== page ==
Publication in PLOS Describes New Method for RNA Transcript Mapping Including New Suffix Array Algorithm
CARLSBAD, Calif. – April 5, 2011 – -- Life Technologies Corporation today announced that company scientists, in collaboration with Indiana University School of Medicine researchers, published study results indicating the utility of RNA-Seq mapping to detect gene fusions in cancer cells.
The study, titled “RNA-Seq Mapping and Detection of Gene Fusions with a Suffix Array Algorithm,” was published on April 5 in PLOS, the Public Library of Science (www.plos.org).
Advances in sequencing technology are enabling detailed characterization of RNA transcripts from biological samples, but the fundamental challenge of accurately mapping reads and gleaning biological meaning from the data remains. One class of transcripts, gene fusions, is particularly important in cancer. For example, 95% of patients with clinical chronic myeloid leukemia (CML) express the BCR-ABL gene fusion in their leukemia cells due to a reciprocal translocation between the long arms of chromosomes 9 and 22. BCR-ABL is also found to be a factor in 30% to 50% of adult acute lymphoblastic leukemia cases. Fusion genes are thought to cause tumorigenesis by over-activating proto-oncogenes, deactivating tumor suppressors, or altering the regulation and/or splicing of other genes which lead to defects in key signaling pathways.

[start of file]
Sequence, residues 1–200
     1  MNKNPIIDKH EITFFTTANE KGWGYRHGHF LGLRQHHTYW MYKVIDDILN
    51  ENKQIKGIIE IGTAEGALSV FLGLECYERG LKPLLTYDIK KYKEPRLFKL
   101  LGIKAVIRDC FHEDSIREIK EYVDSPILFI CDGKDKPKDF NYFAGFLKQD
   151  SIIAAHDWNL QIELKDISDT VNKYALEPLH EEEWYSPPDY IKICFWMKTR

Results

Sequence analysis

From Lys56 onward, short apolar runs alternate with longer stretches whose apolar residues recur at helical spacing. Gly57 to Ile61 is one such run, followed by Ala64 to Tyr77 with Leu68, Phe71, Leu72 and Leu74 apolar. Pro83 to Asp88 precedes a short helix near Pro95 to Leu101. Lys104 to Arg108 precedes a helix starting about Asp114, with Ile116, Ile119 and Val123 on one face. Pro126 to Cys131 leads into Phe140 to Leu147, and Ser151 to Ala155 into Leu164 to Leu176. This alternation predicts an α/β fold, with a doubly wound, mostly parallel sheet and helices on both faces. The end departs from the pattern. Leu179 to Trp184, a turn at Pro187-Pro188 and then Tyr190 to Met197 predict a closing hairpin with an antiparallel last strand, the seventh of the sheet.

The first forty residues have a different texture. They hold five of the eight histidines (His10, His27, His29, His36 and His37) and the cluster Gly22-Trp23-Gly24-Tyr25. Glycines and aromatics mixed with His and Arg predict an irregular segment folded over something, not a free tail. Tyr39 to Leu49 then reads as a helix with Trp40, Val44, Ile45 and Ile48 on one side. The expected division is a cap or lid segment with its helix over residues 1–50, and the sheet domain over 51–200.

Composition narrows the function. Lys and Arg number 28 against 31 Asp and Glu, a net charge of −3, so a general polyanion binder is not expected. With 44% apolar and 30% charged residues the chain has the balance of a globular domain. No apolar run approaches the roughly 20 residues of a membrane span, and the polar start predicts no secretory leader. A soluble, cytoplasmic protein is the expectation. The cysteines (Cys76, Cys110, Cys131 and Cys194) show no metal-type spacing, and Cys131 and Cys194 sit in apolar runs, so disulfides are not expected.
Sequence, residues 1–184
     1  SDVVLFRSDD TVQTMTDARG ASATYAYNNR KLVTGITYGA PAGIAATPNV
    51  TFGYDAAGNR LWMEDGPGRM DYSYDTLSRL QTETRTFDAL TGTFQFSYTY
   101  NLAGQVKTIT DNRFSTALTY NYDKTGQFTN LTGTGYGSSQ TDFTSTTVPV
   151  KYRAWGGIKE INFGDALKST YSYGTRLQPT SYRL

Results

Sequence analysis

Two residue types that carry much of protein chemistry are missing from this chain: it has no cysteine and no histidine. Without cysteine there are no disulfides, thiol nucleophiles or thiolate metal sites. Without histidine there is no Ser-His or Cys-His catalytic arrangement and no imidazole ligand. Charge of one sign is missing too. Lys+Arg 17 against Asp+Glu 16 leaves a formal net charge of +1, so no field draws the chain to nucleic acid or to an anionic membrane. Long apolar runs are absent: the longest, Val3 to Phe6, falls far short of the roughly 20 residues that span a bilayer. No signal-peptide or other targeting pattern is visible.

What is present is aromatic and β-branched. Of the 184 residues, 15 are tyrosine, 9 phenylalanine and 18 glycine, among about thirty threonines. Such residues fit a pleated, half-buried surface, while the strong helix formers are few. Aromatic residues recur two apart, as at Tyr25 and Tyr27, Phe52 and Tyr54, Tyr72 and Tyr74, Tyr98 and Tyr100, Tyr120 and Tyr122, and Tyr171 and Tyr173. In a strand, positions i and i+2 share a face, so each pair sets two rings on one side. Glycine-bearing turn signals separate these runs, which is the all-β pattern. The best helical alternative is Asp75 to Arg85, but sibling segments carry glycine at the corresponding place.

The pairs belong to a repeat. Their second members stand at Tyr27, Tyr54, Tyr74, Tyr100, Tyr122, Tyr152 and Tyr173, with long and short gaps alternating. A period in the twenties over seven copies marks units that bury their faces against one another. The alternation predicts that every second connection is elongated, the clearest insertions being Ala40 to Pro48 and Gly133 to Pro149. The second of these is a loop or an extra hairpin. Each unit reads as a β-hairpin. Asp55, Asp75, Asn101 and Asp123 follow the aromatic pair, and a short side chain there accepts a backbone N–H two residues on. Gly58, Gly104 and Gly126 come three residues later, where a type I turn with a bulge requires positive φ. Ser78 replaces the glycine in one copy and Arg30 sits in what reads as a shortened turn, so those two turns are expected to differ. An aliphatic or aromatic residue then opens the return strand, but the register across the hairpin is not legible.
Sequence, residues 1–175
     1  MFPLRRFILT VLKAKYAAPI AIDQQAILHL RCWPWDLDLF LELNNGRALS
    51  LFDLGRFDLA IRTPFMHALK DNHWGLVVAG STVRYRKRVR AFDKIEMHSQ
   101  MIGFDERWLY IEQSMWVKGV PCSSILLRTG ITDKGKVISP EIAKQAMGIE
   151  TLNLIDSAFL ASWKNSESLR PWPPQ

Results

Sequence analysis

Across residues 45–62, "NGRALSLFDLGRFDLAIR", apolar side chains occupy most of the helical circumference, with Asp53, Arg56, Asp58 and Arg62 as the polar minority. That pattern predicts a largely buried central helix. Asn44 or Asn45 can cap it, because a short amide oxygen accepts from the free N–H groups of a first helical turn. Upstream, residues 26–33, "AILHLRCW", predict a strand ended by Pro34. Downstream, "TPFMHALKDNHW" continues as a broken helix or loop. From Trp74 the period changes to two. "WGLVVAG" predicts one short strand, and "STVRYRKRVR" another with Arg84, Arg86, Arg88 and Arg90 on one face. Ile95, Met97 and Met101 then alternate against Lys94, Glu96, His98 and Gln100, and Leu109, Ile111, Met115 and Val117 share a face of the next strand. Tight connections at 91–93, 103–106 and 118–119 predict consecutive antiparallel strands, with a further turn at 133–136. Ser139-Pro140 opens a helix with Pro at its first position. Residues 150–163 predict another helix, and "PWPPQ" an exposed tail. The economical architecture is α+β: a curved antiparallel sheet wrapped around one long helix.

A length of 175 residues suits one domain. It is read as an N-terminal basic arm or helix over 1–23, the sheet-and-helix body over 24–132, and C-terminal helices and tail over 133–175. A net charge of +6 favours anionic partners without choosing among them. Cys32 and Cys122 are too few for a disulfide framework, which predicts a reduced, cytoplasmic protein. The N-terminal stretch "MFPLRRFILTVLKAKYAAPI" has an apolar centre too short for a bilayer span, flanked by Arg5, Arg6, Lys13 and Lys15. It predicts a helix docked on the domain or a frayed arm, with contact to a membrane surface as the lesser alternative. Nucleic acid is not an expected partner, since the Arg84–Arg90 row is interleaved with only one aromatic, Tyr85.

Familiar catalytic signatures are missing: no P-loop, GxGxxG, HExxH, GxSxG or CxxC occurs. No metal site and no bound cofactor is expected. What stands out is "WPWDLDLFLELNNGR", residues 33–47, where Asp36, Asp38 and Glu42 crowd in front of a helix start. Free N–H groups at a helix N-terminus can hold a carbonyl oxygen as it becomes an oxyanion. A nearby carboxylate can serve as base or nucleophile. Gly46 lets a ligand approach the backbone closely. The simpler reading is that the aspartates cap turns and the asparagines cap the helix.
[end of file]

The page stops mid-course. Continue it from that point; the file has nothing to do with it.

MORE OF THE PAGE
In the current study, the investigators used Life Technologies’ RNA-Seq to describe a new method enabling detection of fusions in cancer cell lines. The method includes a new algorithm to find fusion breakpoints.
“This new algorithm, called SASR (Suffix Array Splice Read mapping), makes it easier to detect reads that span fusion junctions,” said Onur Sakarya, first author on the study and a senior scientist with Life Technologies’ Ion Bioinformatics group.
"The SASR algorithm described in this publication provides a novel unbiased approached to gene fusion and splicing discovery. This method will greatly increase the sensitivity and specificity of junction detection compared to current methods and allow researchers to harness more data from their RNA-sequencing projects," said Milan Radovich, Ph.D., a collaborator on the study and assistant research professor of surgery at the Indiana University School of Medicine in Indianapolis.
Life Tech co-authors include: Heinz B. Breu, Yongzhi Chen, Yulei N. Wang, Catalin Barbacioru, Sowni Utiramerur, Penn P. Whitley, Joel P. Brockman, Paolo Vatta, Zheng Zhang, Liviu Popescu, Matthew W. Muller, Vidya Kudlingar, Nriti Garg, Chieh-Yuan Li, Benjamin S. Kong, John P. Bodeau, Robert C. Nutter, Jian Gu, Kelli S. Bramlett, Jeffrey K. Ichikawa, Fiona C. Hyland and Asim S. Siddiqui.
The published paper is available at:
RNA-Seq is available for Research Use Only; Not for diagnostic use.
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Life Technologies ContactSuzanne Clancy